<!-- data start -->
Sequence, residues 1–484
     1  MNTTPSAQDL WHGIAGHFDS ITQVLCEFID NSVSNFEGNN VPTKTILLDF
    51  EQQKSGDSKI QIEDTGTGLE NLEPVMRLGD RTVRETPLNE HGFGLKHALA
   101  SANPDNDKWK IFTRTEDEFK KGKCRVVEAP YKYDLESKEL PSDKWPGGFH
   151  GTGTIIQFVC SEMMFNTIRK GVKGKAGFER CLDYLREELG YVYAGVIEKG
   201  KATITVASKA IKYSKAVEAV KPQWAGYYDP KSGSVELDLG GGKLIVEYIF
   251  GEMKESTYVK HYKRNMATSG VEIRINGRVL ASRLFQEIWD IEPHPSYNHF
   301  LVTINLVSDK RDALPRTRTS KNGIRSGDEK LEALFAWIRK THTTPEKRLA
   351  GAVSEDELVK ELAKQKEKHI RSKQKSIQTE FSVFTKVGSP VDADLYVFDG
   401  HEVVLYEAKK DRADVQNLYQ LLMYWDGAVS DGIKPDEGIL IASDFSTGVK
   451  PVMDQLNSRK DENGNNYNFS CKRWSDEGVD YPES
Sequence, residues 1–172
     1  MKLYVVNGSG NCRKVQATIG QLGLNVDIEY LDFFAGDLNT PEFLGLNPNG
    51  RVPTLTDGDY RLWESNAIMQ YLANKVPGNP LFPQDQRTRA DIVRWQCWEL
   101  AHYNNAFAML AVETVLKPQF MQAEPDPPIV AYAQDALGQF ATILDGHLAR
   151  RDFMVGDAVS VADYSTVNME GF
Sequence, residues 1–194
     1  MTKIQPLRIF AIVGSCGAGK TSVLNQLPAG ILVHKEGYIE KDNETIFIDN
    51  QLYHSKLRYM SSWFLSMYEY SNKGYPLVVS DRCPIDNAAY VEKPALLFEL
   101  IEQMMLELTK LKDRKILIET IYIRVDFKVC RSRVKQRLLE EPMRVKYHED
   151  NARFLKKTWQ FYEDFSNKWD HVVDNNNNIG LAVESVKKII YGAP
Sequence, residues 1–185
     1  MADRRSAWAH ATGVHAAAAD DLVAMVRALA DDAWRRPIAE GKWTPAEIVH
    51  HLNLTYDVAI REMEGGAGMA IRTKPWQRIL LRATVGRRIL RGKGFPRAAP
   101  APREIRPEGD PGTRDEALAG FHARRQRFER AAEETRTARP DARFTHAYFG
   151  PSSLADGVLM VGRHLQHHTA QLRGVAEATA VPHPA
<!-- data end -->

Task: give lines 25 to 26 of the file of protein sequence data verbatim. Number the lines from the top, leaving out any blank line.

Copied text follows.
   101  APREIRPEGD PGTRDEALAG FHARRQRFER AAEETRTARP DARFTHAYFG
   151  PSSLADGVLM VGRHLQHHTA QLRGVAEATA VPHPA